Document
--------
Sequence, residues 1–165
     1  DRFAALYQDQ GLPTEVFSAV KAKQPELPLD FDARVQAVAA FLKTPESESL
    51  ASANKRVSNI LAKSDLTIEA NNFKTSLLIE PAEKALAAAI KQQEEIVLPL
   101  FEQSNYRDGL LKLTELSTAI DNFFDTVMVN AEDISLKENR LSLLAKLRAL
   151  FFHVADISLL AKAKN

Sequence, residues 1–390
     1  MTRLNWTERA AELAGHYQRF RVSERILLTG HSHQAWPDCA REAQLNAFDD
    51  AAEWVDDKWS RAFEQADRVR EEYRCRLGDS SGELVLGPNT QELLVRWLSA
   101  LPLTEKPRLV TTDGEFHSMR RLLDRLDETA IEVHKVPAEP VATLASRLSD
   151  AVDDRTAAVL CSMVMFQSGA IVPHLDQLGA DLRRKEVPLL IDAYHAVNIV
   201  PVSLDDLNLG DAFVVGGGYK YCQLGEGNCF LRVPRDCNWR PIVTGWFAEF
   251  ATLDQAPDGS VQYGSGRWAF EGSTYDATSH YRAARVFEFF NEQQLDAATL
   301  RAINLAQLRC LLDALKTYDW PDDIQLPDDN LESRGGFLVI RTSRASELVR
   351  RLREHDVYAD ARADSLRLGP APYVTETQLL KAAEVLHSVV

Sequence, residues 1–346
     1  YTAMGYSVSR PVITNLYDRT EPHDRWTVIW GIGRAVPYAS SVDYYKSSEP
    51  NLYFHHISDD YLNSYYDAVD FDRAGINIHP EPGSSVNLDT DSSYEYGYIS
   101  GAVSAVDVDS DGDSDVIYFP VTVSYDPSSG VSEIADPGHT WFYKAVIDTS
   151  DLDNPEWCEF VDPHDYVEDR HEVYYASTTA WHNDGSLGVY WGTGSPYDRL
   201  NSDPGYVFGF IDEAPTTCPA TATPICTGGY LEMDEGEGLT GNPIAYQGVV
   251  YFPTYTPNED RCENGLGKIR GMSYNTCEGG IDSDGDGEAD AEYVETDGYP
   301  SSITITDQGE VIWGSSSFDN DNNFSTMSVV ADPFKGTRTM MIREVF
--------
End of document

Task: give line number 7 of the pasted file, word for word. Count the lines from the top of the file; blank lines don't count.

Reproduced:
     1  MTRLNWTERA AELAGHYQRF RVSERILLTG HSHQAWPDCA REAQLNAFDD